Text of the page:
‘I want to pogne’: Céline Dion and Québec Nationalism.

‘I WANT TO POGNE’: CÉLINE DION AND QUÉBEC NATIONALISM

In 1989-90 the Québec comedy troupe RBO (‘Rock et Belles Oreilles’) came out with an album called ‘Pourquoi Chanter?’ (Why Sing?). It was a compilation of original compositions sung by members of the troupe, poking fun at a variety of political and social issues which were raging at that time.

One of the songs was entitled ‘I want to pogne’, which, loosely translated into proper English means ‘I want to be popular’, or more literally, ‘I want to catch on.’ The song was a scathing denunciation of French-speaking Québec artists, especially Céline Dion, who, at the time, were trying to break out of the confines of the French-language Québec/France market by singing in English, and therefore appealing to a wider audience in the English-speaking world, especially in North America.

One has to recall the social and political context within which all of this occurred: Canada was in the throes of one of the worst recessions in its history. We were also going through another one of our now legendary bouts of existentialist navel-gazing over the definition of our nationhood. The Canadian Prime Minister, Mr. Brian Mulroney, had been elected in 1984, and again in 1988, in part on a platform of National Reconciliation. Meaning he was supposed to heal the divisions that had been caused by the 1980 referendum on Québec secession and the subsequent legal wrangling that had occurred in 1981-82 over the amendment process of the Constitution, which had resulted in a new amending formula, but which had not received the approval of the province of Québec’s legislature. This had been in large part due to the fact that the government of the day had at the time been hoping, and holding out for some sort of collective rights clause to be entrenched into the new amending formula, which would have recognized the existence of the province of Québec as a collective entity within Canada, speaking the French language, using the French civil code of law.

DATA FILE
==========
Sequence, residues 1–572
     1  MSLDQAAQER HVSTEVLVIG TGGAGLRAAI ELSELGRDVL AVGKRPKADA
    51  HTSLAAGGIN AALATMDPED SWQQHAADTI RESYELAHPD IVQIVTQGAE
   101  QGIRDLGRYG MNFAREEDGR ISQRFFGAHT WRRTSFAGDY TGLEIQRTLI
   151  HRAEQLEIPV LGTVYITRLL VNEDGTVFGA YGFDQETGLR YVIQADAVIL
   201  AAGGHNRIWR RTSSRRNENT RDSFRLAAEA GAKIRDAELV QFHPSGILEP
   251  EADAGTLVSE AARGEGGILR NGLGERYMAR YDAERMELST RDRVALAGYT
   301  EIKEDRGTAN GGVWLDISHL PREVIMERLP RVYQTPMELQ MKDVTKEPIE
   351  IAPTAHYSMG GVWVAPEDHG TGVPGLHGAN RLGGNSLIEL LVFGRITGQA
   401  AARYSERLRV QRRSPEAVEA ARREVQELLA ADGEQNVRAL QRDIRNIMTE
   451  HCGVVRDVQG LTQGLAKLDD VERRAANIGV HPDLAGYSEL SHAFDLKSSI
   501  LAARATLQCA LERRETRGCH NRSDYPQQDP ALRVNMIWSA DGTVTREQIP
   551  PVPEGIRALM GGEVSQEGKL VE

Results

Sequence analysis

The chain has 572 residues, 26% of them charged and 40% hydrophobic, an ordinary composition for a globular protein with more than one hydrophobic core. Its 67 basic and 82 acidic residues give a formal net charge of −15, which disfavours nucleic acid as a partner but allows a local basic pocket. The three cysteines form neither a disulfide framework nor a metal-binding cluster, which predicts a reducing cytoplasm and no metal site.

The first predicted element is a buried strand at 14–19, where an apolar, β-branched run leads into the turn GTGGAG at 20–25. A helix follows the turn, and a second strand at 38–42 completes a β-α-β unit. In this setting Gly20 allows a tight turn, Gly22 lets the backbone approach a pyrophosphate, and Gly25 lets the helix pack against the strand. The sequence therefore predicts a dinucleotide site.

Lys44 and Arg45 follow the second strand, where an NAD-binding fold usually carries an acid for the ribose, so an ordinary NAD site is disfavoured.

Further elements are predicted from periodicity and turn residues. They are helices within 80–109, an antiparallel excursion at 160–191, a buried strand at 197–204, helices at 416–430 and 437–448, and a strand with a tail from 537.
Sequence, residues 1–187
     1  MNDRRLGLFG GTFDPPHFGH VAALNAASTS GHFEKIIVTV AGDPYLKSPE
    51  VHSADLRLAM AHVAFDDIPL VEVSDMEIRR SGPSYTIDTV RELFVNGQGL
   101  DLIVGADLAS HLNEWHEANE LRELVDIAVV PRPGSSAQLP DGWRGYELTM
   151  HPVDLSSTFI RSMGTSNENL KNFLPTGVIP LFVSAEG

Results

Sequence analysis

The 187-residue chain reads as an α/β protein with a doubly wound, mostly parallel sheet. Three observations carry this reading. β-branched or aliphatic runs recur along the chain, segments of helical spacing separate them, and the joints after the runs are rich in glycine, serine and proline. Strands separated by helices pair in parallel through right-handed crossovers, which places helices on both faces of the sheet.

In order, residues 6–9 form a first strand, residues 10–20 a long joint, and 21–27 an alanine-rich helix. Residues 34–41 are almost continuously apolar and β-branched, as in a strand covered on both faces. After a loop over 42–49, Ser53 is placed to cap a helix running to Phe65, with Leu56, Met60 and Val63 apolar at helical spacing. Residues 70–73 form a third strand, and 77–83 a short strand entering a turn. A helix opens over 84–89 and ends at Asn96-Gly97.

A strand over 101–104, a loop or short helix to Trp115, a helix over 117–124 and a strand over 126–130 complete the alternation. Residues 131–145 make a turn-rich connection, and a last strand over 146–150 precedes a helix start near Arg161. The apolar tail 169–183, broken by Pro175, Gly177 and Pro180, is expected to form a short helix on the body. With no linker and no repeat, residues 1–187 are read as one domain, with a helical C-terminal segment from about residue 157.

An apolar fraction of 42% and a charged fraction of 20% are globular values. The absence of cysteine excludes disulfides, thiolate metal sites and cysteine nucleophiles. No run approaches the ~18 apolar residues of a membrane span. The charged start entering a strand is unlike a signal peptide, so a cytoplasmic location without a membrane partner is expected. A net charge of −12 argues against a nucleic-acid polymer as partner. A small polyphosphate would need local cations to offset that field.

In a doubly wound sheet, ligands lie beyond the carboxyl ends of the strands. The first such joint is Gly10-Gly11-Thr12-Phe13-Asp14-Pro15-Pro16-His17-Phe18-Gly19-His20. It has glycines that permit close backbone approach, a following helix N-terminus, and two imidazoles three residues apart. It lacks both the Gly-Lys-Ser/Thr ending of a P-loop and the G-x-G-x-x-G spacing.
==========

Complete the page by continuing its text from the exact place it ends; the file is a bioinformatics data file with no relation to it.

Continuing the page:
This clause in the amendment process had been denied, on the assumption that only individual rights should be entrenched in the Canadian constitution, ignoring the fact that indigenous people’s collective rights were in effect entrenched within that very same amending process, with the entrenchment of the Royal Proclamation of 1763.

But I digress. Fast forward to 1990. The new constitutional amendment agreement which was supposed to address this legal vacuum, called the Meech lake Accord, eventually failed. Tensions were running high in Québec regarding the protection of the French language and nationalist sentiment was running high also. There was a tendency to want to circle the wagons, so to speak.

In walks Céline Dion. She comes out with a brand new album where she sings in English. Some people applaud her. The nationalist/secessionist artistic and political elite savagely denounce her as a traitor to her people and The Cause. Nevertheless, Céline soldiers on, and eventually goes on to achieve fame, fortune and worldwide recognition as the little French-Canadian girl from Charlemagne who made good, with the angelically soaring and stunning voice .

Funny. I don’t recall Nana Mouskouri ever getting this kind of flak from her people in Greece because she wanted to appeal to a wider audience. Same goes for Julio Iglesias. But somehow, if you’re a little Canadian girl or boy, especially French, then you’re fair game for the naysayers and the nationalist/secessionist pinheads that try and grind you into the dust. Like the song mentioned at the beginning of this piece says at one point, ‘icitte is a small marché, icitte there is no débouché, I want to become very gros and laché my run de journaux’. The singer bemoans the limited market opportunities in the French market and yearns for something bigger and better.

I can only applaud Céline Dion for her tenacity, along with René Angelil, for standing up for what they believe in. Céline is now a household word around the world, and we can all be proud that she comes from Charlemagne, Québec, Canada.

Good thing she wanted to ‘pogne’, eh?

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